THE year just ended was a nightmare for creationists — especially the neo-theocrats at the Discovery Institute’s Center for Science and Culture (a/k/a the Discoveroids). It was not only the 200th anniversary of Darwin’s birth, but also the 150th anniversary of the publication of Origin of Species. Celebrations of reason were everywhere, and all the while the Discoveroids sulked and snarled.
The only thing that sustained the Discoveroids through 2009, aside from the salaries provided by their benefactors, was the hope that when that wretched year ended they’d have clear sailing for spreading their creationist dogma. But such is not to be.
We present to you, dear reader, some excerpts from The Royal Society: The establishment of science, which appears in The Economist, a most worthy publication edited in the City of Westminster, London. The bold font was added by us:
THE streets surrounding St James’s Palace in London are dotted with gentlemen’s clubs, many of which now also admit women. This year, one such establishment is marking its 350th anniversary. The club in question is not merely a meeting place for like-minded members, however: it is the society that founded modern science.
Science? How very un-creationist! Let’s read on:
The first fellows of the Royal Society, as it is now known, were followers of Sir Francis Bacon, a 17th-century statesman and philosopher who argued that knowledge could be gained by testing ideas through experiments.
Oh, how horrible! Creationists know that’s most definitely not where knowledge comes from. We continue:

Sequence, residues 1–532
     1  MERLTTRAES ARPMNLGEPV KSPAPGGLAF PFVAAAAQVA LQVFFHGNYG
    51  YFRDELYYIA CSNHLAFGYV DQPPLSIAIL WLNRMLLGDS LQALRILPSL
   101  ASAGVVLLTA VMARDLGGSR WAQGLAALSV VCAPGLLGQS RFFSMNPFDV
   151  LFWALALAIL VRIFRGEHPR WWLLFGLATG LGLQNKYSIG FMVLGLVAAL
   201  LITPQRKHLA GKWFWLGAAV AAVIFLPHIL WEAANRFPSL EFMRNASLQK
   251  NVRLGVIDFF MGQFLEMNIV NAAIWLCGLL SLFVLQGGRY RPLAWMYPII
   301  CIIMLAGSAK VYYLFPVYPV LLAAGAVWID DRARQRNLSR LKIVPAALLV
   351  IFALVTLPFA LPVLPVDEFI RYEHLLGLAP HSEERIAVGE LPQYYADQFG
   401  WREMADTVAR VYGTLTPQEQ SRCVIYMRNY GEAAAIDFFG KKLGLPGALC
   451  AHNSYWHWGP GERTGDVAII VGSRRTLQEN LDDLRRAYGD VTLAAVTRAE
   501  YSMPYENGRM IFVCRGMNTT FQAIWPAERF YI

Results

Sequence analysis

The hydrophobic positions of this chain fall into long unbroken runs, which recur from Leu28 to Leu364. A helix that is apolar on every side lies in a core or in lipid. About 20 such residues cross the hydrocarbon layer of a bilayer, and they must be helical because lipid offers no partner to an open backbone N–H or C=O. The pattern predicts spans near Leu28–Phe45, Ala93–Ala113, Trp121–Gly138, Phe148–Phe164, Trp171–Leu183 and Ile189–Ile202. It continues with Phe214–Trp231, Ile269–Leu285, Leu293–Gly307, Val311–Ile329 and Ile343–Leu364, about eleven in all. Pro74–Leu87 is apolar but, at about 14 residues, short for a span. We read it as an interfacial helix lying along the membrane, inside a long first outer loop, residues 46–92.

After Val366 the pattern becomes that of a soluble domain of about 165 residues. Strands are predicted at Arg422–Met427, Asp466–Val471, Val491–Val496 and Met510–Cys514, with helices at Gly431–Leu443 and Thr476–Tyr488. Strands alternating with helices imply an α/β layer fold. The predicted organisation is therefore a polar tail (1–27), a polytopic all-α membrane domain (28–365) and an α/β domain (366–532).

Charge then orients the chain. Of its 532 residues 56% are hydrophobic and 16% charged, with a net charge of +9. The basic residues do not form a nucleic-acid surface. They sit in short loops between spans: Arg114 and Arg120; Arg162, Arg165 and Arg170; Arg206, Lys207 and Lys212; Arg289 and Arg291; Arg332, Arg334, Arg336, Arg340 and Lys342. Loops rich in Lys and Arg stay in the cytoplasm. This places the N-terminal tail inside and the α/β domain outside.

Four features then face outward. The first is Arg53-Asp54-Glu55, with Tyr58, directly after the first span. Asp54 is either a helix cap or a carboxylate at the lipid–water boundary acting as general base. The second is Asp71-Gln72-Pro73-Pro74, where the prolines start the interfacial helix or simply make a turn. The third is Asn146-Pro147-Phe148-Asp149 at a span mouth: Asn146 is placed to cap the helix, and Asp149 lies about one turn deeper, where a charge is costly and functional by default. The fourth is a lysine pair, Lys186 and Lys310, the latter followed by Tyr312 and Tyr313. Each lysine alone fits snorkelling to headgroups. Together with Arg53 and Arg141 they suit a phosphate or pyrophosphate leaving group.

[T]hey determined to meet every week to discuss scientific matters and to witness experiments conducted by different members of the group. In so doing, they invented the processes on which modern science rests, including scientific publishing and peer review, and made English the primary language of scientific discourse.
You can see, dear reader, that this is truly the origin of the creationists’ problem. Here’s more:
Sir Isaac Newton, who defined the laws of gravity, became president of the Royal Society in 1703. Its members (no more than 44 outstanding British scientists are elected to fellowship each year, along with up to eight foreign members) go on to win Nobel prizes; indeed, 74 of the society’s 1,300 living members are Nobel laureates.
We’re not certain of this, but we strongly suspect that not a single member is a creationist. Moving along:
Such is the excitement at the Royal Society’s anniversary that Britain’s state broadcaster, the BBC, has created a year of science-related programming to celebrate it.
Oh no! Yet another year of un-creationist celebrations. A deep depression is gripping the gang in Seattle.
This is the article’s end:
The British Museum is holding a series of lectures on science’s contribution to the objects that it holds. The Royal Society itself is organising a festival billed as “a huge and splendid celebration of the joy and vitality of science, its importance to society and culture, and its role in shaping who we are and who we will become”. A proud tradition, indeed.
The year now beginning looks like a good one for celebrating rational thought — and a bad one for the Discoveroids. Sorry, guys; you’re on the wrong side of history.
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